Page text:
Sun for dinner

During the polar night, when the winter gets darker than dark, the cod of the Barents Sea comes to spawn in Northern Norway, bringing a well of vitamin D. This vitamin is often called the sunshine vitamin because our body produces it when we are out in the sun. Vitamin D is essential for growth and bone development. During the winter, when the sun is away, it is important to find other sources of vitamin D. And then, exactly when needed, the cod just comes to the archipelago of the Lofoten islands.

Photo: Kjell-Jørgen Myrtveit

The migratory cod is called “skrei” in Norwegian. The name comes from the Old Norse skreið, meaning to stride, i.e., to move with long steps, illustrating well the rapid advance of the cod that, every winter, travels several hundred kilometers to spawn. “Skreimølje” is a traditional Norwegian dish made up of skrei, skrei roe (eggs) and skrei liver. Just like cod tongues, we eat “mølje” between January and April.

Photo: Kjell-Jørgen Myrtveit

Skrei is not as any other cod. Skrei is a delicacy. The flesh of the skrei is white and firm. In France, skrei is often called “the king of the cod”.  When served together with roe and liver, it is one of the most exclusive Norwegian dishes.

The flesh of the skrei is white and firm.
The roe: the egg masses in the cod ovaries.
The liver is a delicacy!

Traditionally, the fish is boiled in salted water with some drops of vinegar. The liver is also boiled in salted water with some drops of vinegar, peppercorns, a bay leaf and sometimes sliced onion. The roe is boiled too, wrapped in food paper (a kind of baking paper) in order to prevent the roe to break in pieces under boiling.

I am not fond of all that boiling that damages the tasty flavours… I am not fond of the dominating vinegar taste either. Further, boiled roe tends to be dry. My skreimølje is not boiled and has no vinegar. Instead, I use a 3 tier steam pot:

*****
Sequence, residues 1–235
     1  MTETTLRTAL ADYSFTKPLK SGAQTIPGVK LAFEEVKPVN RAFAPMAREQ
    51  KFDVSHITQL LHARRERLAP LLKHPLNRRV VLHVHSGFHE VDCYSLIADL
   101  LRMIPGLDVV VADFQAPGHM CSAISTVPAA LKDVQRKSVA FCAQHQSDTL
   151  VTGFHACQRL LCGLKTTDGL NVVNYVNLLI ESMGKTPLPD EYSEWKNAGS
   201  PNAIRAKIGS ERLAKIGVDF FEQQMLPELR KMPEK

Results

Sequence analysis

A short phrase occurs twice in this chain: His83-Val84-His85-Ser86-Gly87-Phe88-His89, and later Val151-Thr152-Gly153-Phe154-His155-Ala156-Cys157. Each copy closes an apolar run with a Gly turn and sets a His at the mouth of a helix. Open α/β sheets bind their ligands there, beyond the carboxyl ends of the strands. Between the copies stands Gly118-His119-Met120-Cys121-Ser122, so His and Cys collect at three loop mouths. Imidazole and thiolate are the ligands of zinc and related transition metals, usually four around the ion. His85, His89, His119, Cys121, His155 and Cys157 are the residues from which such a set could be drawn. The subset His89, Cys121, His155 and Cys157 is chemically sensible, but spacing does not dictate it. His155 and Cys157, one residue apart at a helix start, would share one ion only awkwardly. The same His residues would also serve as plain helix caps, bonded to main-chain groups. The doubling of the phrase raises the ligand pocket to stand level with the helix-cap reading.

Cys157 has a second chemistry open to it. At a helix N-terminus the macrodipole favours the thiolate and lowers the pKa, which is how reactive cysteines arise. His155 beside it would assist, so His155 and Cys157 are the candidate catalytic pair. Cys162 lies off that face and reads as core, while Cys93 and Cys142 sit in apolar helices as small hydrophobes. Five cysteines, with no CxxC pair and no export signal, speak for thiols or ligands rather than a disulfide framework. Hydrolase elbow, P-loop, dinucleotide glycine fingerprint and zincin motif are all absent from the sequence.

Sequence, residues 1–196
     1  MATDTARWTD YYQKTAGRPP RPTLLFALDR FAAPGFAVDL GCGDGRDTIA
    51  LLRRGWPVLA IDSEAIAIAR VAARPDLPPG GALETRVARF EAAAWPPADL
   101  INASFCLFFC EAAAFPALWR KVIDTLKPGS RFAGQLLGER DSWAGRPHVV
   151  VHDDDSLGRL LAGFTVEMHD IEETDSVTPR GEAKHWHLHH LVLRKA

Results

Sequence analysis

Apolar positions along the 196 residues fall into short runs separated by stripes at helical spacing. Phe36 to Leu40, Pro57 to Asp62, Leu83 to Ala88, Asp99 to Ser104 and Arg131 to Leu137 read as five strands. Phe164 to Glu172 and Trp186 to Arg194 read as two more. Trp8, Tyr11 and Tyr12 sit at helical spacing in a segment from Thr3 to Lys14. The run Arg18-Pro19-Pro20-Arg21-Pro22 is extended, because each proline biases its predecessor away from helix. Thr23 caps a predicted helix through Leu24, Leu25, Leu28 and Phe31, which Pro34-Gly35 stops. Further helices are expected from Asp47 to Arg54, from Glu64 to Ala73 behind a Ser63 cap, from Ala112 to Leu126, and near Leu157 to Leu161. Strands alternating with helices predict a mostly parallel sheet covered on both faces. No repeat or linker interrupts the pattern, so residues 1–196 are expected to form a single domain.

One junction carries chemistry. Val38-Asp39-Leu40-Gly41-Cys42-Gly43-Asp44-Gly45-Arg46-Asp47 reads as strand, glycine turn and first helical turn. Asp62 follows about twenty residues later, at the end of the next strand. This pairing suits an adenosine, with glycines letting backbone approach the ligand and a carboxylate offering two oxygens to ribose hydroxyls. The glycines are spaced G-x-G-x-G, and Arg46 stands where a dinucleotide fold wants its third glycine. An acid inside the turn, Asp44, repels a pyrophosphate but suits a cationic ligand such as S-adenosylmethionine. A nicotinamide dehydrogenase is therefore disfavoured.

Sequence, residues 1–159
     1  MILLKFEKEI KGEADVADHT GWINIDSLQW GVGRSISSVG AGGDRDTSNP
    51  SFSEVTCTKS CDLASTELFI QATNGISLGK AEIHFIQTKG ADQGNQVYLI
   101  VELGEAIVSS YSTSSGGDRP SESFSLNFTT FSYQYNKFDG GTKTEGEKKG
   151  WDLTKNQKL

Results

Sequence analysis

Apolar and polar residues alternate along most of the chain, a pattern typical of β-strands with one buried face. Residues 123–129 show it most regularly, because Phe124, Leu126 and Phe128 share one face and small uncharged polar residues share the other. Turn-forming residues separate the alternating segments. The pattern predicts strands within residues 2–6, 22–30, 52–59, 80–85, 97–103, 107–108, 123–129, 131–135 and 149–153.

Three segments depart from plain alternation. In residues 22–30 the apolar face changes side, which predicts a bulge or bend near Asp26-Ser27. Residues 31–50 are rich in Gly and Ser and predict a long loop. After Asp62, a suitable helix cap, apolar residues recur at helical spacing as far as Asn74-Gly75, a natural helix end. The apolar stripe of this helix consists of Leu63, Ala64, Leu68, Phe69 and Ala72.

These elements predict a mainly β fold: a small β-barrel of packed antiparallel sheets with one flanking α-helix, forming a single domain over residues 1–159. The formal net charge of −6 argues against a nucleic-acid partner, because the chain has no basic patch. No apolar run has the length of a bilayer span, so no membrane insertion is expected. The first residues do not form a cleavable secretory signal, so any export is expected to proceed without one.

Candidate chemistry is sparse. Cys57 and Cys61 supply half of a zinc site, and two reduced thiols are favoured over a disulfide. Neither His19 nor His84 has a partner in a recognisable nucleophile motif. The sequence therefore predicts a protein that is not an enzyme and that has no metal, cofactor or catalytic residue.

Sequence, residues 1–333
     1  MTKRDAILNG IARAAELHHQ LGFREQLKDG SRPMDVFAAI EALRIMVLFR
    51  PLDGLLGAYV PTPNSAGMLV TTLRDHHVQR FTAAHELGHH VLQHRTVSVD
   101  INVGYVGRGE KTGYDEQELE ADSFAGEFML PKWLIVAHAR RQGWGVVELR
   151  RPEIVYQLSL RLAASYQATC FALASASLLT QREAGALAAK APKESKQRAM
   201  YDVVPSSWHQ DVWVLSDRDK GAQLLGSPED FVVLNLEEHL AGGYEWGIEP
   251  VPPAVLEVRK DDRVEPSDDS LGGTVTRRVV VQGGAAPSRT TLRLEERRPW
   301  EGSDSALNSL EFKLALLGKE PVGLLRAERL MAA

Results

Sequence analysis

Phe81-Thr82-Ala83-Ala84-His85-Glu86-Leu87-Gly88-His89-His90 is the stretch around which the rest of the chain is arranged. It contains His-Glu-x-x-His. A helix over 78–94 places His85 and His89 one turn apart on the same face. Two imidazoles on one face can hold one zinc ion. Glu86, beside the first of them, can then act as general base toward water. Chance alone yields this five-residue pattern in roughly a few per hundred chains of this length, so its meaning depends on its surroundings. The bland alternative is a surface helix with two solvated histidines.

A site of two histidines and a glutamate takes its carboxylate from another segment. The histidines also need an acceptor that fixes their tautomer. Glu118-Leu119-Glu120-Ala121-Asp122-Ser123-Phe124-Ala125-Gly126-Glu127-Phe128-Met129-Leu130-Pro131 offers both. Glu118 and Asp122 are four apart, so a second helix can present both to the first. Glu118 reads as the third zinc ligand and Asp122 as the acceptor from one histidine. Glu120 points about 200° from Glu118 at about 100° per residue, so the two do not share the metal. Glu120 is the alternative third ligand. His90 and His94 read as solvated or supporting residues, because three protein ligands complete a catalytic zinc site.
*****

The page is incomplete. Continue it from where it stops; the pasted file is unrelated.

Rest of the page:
• On the first level, closer to the boiling water, place the smallest cod slices and the roe. Add salt and pepper.

  • On the second level, place the biggest cod slices and the liver. Place the liver above the roe. The liver fat will drip on the roe preventing it from getting dry. Add salt and pepper.

Skreimølje is ready after around 20 minutes. Watch the cooking from time to time. When the flesh of the fish can be detached from the bones, it is ready. The fish should not be overcooked! The roe tastes better when medium cooked (still pink inside). So does the liver.

Skreimølje is served with “pommes de terre en robe des champs” (potatoes in field dress),  i.e., potatoes boiled with skin on.

Preparation before cooking:

  • Wash the fish and roe.
  • Peel the liver membranes. There might be small parasites on the surface of the liver; they will be removed together with the membranes.
Peel membranes from the liver.

When not eaten fresh, cod fish is dried in the sun and wind on wooden racks which are called “hjell” in Norwegian. Dried unsalted cod fish, or stockfish, is popular in Catholic Mediterranean countries, in particular in Italy. Stockfish is called stoccafisso in Italian. It should not be confused with baccalà that is dried and salted cod. Stockfish is not salted.

Photo: Kjell-Jørgen Myrtveit
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